The Art of Fantasy Names

World-building: some fantasy writers consider it a hassle and non-essential, while others consider it a fun and absolutely essential tool for creating believable fantasy stories. I’m with the latter and one of the first things I do when brainstorming a new world is come up with some good names.

Fantasy names are a unique breed of animal. You’ve got names that fall on the fairly normal side of the spectrum and names that fall on the ridiculous side.

So how do we come up with these fantastic names?

I’m going to outline a couple of my own techniques for fantasy name-building and give you some resources to get those creative juices flowing. At the end of the post, share your own techniques and a name or two you’re particularly proud of!


Most of the writer’s I’ve talked to have agreed on one thing—their character names have meaning. I like for my character names to pair well with a character’s personality. In my recently completed novel, River of Mecarn, I began with a name—River. Though it isn’t a particularly extraordinary name, it fits the character and has symbolic meaning.

Another major character is River’s younger sister, Shiloh, which means “tranquil” and “the peaceful one”, among other things. This name is fitting for her character because in the chaos of River’s life, his sister is his peace. The meaning also lines up with her personality and disposition.

This method is probably my most frequently used, especially for major characters. If I’m not using this method, my favorite methods are looking up genealogies in the Bible and using baby name websites.  I find that fantasy name generators are hit and miss, though they do fuel my own ideas.

In all honesty, my main goal is for my names to sound cool!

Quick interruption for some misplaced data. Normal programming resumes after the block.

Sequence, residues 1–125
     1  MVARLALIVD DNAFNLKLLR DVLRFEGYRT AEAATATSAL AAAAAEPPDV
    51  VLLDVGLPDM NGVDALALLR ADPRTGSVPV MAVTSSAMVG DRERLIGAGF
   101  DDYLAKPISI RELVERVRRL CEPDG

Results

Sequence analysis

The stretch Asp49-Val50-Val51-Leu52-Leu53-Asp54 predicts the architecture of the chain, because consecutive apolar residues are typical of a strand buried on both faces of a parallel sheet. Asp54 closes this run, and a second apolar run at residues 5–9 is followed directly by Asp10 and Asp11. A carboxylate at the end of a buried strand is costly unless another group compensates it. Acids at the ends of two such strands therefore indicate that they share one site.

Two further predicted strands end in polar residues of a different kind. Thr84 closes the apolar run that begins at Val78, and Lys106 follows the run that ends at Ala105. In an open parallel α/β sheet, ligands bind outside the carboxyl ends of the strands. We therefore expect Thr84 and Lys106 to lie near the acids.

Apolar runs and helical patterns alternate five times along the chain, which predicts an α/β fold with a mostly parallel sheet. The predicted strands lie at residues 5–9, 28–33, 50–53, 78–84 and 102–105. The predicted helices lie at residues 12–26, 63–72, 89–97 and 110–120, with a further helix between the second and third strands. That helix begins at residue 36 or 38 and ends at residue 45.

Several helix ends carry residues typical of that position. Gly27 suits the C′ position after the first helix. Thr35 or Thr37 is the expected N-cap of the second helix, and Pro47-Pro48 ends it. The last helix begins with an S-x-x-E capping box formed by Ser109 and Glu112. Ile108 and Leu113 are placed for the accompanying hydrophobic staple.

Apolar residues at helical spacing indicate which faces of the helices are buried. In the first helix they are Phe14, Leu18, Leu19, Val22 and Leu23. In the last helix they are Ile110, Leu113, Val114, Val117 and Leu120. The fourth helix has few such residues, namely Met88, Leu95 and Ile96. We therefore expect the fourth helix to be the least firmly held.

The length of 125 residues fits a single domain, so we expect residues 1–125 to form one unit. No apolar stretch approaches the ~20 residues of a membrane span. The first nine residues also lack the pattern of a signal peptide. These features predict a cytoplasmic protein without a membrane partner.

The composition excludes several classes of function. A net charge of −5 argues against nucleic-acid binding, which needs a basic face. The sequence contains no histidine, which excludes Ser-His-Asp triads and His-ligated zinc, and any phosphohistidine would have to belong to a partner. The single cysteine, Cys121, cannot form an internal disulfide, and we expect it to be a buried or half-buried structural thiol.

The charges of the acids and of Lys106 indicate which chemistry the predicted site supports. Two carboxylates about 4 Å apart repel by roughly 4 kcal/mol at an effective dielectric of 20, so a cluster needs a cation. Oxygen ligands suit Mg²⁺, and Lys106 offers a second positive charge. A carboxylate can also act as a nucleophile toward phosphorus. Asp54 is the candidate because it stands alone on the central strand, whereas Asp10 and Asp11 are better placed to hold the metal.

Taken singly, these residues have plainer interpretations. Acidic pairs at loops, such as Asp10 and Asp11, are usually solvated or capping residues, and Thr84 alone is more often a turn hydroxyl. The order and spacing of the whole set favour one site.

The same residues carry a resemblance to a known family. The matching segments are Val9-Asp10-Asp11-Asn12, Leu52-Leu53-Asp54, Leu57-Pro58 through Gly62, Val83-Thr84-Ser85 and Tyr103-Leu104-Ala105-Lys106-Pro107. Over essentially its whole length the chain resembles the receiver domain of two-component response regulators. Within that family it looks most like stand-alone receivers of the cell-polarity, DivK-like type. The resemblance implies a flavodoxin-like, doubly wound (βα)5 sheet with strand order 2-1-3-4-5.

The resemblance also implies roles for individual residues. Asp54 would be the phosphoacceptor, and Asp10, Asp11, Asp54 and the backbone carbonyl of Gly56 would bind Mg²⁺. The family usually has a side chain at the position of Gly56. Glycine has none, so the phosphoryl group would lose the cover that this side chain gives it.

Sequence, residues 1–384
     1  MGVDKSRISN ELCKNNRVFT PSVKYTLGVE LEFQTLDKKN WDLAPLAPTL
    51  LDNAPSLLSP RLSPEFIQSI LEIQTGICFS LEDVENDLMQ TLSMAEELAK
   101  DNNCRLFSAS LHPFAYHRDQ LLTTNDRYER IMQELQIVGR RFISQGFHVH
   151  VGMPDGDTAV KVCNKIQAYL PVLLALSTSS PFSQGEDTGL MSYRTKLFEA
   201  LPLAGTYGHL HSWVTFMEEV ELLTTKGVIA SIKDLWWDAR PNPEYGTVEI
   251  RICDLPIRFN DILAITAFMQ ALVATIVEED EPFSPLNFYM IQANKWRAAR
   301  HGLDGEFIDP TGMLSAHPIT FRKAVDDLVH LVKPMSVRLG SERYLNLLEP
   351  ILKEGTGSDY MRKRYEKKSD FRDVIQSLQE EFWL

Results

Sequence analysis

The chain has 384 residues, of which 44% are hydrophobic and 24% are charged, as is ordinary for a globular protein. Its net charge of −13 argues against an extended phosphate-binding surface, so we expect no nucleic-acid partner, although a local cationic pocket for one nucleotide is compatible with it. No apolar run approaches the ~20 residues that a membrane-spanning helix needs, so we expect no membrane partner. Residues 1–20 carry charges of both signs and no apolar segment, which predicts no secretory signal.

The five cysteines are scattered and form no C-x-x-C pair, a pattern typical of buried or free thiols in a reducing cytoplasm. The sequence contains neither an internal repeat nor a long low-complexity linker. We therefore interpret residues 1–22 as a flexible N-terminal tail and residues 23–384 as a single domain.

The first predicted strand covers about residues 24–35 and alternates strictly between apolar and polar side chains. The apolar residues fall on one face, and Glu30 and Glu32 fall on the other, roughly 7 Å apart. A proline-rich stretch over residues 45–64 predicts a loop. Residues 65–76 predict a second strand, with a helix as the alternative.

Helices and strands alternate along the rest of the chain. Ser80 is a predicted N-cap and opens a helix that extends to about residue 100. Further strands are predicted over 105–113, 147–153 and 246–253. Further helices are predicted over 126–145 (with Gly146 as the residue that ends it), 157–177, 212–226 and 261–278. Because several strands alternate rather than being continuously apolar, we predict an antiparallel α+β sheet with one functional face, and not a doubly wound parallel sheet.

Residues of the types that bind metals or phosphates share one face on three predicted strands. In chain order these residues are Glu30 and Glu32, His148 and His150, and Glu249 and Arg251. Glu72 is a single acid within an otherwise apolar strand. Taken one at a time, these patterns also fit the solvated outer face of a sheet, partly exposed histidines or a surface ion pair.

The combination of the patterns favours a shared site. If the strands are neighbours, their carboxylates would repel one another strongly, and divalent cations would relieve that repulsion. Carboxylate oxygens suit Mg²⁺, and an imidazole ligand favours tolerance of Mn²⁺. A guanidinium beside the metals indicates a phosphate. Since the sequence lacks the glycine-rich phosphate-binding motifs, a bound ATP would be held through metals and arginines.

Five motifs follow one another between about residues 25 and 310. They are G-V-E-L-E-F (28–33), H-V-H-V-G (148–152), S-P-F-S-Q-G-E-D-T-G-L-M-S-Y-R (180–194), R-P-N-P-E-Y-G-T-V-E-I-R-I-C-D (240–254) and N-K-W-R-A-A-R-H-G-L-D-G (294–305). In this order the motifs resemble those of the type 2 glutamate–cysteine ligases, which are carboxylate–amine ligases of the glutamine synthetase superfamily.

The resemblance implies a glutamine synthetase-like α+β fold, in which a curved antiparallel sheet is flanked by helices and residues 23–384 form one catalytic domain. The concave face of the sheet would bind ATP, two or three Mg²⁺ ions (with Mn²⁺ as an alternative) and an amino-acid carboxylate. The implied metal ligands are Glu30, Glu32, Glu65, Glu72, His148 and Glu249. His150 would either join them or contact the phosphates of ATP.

Place name-building is a very specific process for me. I’m a little disappointed in myself for not recording my methods earlier, but I have a few I can explain.

My go-to tool: Google Translate. I know Google Translate isn’t the best for big translations, but for this project, it does the job.

Name: Eszailha (ez-ay-luh)

Breakdown: Es from the Spanish este meaning “this”, and ilha, Portuguese for “island.”

Eszailha is my alternate-Earth created by the Eszeha spirits meaning “Our Island.”

Name: Ruz-Ramath (rooz-rahm-ahth)

Breakdown: Ruz of Proto-Celtic and Proto-Indo-European origins, meaning “red” and Ramath of the Biblical landmark, Ramath-lehi, meaning “elevation of the jawbone” or “hill of the jawbone.”

Ruz-Ramath is a continent on Eszailha characterized by its hilly, red terrain.

Most if not all of my place names follow this process. First, I take specific characteristics of the place and look up translations in different languages on Google Translate. I make a list of the words that fit and either combine them with a word of my own or another translation. This method of naming helps when creating the cultures, physical characteristics, and legends of a country, city, or even landmark. My other go-to’s are Biblical place names (like Ramath-lehi) or other foreign/ancient city names.

Remember that anything can be modified to fit your preferences, whether it’s by combinations, alternate spellings, or translation breakdowns! It’s your world!

I could go on forever about my creative process, but I want to know more about you! How do  you name-build? Do you use similar methods to the ones above or do you have a foolproof method that myself and others can benefit from?

(Psst… and don’t forget to share your names with the rest of us! ( •̀ᴗ-)✧)


If you’re new to the name-building scene, try out the starter resources listed below until you figure out your own creative methods.

2 thoughts on “The Art of Fantasy Names

  1. Some of my character’s names are based off of foreign languages like Furnos-Bane, who is an ice elf and therefore hates fire. His name alludes to that fact.
    Other character’s names are just a slight variation of a common name like Kerk instead of Kirk or Kenrick instead f Kendrick.
    Some character’s names were entirely made up by me because they just sounded right. I named an ice elf Nyla because I liked the sound of that name and later found out that it was Sanskrit for ‘dark blue’ which fits the character perfectly.
    Later in my book, she shortens her name to Nyl which will mean ‘dark’ in my story world.


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